oh wow. This was amazing - not just A pasta recipe, but a whole section. not just ONE chocolate cake, but a whole list. This cookbook comprehensively covers classic dishes, much like the traditional (not the gluten free) Betty Crocker cookbook... then adds other, creative gems like green tea cheescake or chocolate latte muffins. My only gripe is the adherence to a 'sorghum blend' for flour, as I typically stay away from the more expensive sorghum flour.
I was hoping for a book on collaboration, but the strongest part of this book was the "leading up" section. I also enjoyed the "challenges" section, which talked about internal and external issues that may get in the way of being a good leader.
Overall the book was written in very short segments, presumably for the typical ADD upper management type, and some parts were a little trite. But it's worth a quick look, anyway.
Good book, with lots of photography of actual vintage wedding dresses, but more of a history book than anything directly applicable to wedding planning. In other words, I was interested but not inspired.
This was an approachable and flexible cookbook with lots of options for making gluten-free items that are also dairy, egg, soy and corn free. Unlike a lot of other "allergy-free" cookbooks, nuts are generally not used. What the author does rely heavily on is quinoa and millet flours. About a third of the recipes contain fruit based ingredients(frequently oranges), and another third chocolate. There are also several pages of tips and tricks. Overall, this could be either a great starter cookbook, or a fun way for an experienced GF cook to branch out.
Exactly as described - a great collection of kid friendly recipes indexed by allergy type. If your kid only eats chicken nuggets, well, good luck to you. But if your kid is open to veggies and likes fun shapes and dipping stuff, this is a really great resource! Lots of pictures too.
Specific to the Charlaine Harris "Sookie" short story - it was a completely mundane short story about Sookie visiting Hunter's school and anticipating a gunman coming to the school because of her telepathy. The characters (even Sookie) were totally flat, the ending predictable. This could have been a story about any characters, anywhere.
This was a good read, but left me wanting more. I think this was a natural outcome of trying to boil down a very complex work into a thin and easy to read volume.
The strongest points were:
Her list of 8 ways to repackage womanhood. (However, this might make some feminists' heads spin.)
Strategies for overcoming office jealousy
Discontentment as the root of creativity
Selling yourself first, then your ideas
This is cute, and good for a gf vegan maybe, but not so good as a celiac cookbook. Half of the recipes used spelt and the other half used either an expensive gf baking blend or garbanzo/fava bean flour which is completely unavailable for me. Applesauce, agave nectar, coconut oil, and evaporated cane juice were other common ingredients. Oh, and chocolate. Lots of chocolate.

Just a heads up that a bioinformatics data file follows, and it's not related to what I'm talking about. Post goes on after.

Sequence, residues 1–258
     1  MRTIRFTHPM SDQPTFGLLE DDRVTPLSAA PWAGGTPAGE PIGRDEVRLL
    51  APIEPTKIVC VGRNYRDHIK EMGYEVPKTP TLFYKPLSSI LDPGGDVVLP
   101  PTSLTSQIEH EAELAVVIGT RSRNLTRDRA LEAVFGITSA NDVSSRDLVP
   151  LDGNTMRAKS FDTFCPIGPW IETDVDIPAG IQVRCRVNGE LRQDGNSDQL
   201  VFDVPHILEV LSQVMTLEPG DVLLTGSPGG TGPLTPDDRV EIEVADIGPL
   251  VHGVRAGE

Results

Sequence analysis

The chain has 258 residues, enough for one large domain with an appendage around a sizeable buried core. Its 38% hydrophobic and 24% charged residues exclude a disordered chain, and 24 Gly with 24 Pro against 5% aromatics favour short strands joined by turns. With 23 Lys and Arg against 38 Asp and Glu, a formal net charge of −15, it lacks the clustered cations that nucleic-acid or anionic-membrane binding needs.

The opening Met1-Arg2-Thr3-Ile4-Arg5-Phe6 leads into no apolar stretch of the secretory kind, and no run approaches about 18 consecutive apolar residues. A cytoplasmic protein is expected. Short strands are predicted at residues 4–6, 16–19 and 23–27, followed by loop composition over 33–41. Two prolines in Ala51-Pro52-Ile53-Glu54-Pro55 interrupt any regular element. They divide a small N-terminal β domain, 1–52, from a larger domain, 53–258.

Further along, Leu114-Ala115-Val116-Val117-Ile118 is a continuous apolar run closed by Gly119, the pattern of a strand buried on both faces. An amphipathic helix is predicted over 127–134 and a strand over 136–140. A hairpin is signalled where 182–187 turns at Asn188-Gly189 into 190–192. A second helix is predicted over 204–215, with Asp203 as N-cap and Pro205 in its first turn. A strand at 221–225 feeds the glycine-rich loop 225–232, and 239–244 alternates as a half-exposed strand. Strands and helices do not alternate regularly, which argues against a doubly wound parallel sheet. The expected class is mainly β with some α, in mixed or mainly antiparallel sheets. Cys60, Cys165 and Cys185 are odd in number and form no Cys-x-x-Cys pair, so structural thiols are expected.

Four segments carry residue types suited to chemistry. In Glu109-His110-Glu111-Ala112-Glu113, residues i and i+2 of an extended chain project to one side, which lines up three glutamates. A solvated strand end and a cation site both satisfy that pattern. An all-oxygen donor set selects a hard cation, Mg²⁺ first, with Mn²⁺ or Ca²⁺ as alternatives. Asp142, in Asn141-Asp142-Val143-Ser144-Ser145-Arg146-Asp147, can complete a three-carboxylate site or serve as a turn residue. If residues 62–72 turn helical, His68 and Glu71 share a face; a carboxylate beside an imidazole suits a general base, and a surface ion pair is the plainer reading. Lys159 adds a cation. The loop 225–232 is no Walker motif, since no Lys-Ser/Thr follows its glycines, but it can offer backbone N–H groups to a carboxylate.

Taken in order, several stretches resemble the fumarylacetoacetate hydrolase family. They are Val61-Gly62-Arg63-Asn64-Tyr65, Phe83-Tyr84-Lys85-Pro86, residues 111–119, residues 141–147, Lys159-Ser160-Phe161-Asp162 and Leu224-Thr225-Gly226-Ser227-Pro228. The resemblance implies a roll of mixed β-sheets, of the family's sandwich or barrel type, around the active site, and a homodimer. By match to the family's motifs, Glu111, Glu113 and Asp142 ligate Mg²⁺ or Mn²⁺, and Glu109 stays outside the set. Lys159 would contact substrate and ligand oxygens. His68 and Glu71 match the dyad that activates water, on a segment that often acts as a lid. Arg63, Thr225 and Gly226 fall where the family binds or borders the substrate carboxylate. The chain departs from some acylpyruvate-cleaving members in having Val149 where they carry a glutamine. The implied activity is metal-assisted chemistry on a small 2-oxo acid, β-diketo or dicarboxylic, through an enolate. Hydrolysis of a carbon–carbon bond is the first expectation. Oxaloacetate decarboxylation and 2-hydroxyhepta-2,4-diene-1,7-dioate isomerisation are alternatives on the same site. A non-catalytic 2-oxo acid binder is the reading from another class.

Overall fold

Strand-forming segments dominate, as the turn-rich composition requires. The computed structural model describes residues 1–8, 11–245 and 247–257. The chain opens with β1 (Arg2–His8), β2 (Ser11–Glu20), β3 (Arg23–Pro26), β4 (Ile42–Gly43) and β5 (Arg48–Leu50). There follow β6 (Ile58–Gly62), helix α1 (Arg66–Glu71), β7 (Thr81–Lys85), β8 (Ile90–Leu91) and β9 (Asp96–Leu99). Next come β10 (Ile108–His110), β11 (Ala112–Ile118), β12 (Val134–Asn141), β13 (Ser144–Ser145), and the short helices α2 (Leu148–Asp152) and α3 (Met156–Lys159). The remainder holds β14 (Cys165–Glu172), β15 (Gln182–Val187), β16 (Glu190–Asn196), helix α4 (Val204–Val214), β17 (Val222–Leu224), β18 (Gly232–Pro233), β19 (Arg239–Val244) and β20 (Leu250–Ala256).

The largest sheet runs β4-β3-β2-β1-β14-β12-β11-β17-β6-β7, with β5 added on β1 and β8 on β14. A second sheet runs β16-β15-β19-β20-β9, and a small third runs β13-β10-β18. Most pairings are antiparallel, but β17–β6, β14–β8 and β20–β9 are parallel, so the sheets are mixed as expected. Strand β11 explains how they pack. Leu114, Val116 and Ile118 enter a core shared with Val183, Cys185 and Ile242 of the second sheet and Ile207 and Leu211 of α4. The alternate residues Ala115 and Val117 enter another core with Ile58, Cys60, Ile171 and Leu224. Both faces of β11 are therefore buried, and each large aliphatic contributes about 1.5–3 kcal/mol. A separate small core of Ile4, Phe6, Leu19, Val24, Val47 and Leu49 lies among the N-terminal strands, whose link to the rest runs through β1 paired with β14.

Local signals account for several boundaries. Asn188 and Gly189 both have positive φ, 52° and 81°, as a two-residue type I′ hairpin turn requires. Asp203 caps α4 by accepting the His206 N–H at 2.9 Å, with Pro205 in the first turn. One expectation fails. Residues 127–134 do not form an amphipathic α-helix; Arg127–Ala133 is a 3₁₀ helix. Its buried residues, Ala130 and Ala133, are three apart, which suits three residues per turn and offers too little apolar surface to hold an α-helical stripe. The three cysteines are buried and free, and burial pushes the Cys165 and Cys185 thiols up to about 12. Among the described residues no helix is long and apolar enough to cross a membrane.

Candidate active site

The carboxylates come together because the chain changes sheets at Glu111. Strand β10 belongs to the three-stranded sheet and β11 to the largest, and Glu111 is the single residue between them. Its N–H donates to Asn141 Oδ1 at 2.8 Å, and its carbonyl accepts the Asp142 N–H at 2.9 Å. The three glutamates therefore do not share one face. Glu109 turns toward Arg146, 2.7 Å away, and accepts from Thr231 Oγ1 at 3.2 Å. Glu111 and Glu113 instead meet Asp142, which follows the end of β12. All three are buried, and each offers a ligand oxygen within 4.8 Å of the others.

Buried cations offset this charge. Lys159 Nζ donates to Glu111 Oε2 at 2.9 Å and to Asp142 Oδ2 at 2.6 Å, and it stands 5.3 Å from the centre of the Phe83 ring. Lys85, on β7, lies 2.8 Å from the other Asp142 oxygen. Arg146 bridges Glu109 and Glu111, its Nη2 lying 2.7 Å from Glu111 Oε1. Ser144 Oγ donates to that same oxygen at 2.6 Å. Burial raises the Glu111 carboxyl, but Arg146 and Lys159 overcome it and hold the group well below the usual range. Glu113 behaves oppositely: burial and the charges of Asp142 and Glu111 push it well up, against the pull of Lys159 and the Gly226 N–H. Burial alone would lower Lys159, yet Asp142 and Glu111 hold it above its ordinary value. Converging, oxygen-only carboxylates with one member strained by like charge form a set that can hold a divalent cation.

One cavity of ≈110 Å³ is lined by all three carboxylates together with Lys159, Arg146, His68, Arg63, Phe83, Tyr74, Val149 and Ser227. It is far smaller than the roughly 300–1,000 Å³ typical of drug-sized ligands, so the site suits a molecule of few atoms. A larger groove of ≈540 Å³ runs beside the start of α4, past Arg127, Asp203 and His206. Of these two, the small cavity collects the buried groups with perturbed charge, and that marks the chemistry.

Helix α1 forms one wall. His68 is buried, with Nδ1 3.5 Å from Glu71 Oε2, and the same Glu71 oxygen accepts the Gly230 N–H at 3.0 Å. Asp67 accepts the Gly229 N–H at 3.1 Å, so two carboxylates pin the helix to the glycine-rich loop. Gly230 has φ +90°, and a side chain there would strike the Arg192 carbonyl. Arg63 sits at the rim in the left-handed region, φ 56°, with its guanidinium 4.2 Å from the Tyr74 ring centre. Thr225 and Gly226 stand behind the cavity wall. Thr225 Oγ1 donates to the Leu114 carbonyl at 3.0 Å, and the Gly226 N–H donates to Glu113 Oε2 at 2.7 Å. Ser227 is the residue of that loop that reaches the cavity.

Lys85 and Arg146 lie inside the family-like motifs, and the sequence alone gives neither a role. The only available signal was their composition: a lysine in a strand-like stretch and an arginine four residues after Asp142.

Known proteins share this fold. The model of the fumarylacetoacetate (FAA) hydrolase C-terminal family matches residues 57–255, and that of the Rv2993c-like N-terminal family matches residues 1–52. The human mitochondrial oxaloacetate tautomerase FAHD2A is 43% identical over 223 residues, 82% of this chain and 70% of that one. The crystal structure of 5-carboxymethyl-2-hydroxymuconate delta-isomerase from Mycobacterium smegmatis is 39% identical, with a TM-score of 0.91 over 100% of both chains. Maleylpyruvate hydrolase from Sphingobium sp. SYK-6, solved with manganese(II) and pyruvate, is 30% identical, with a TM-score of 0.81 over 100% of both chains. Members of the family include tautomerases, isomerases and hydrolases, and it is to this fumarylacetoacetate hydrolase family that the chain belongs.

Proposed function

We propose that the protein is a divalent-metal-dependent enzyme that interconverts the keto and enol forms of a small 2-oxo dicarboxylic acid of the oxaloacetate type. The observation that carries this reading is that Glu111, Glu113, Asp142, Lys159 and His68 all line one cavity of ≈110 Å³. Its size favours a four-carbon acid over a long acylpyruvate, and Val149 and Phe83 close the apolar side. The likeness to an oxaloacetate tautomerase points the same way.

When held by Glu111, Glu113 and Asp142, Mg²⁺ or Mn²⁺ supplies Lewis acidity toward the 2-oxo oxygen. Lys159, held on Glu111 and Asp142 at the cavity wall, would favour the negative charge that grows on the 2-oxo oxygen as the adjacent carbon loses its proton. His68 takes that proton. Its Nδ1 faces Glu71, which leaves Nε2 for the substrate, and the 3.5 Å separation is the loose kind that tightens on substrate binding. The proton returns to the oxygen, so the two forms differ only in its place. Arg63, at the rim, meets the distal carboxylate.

However the recipes were interesting looking and there was a lot more than just cupcakes.
I suppose I should have seen this coming... but this entire cookbook was an advertisement for Betty Crocker cake mix, Rice Chex, gluten free Bisquick, and other products. Not a bad thing if that's what you're looking for, I suppose. But not every meal needs a faux-biscuit topping.
Life's too short. I don't care how beautiful the prose (and it was lovely), how accurate the dialect (very accurate), or even the artistic value of the novel as a whole. After the first 50 pages, I just didn't want to read any more, and that was a good enough reason to stop.
Possibly the biggest contributing issue was the structure: it's the story of a girl named Myra, told from multiple viewpoints, starting with alternating narratives from the grandmother and a childhood friend. Both of these narrators ramble a good bit, so that by the 50th page (almost to the end of their turns as narrator) I knew very little about the subject character, and a whole lot about Doug wanting to poison a horse.
Oh, did I mention poisoning a horse? NOT - HELPING.
This was a well-written, easy read about the Reconstruction South. If you just can't read another Regency romance, give it a try...
The heroine is living with her dad, taking care of him, and they are providing a room to the Union army colonel who is in charge of the town. She is concealing a pregnancy, and hates Yankees. He has his own ghosts, as he was formerly incarcerated at the Confederate prison nearby. As you might guess, romance ensues.
I was looking for something to help with anxiety, maybe some daily positive affirmations, reassurance, etc. Instead, this CD focused primarily on being contented with what you have, gratitude, etc. And, at least as I experienced it, the tone was not comforting, but instead guilt-producing. After a couple of chapters what I was hearing was that if I was anxious or discontent in any way I was probably a bad Christian and should stop that immediately. NOT good for the ol' anxiety, so I quit listening.
So, overall, this CD probably serves its purpose, but for me, it was really not what I needed.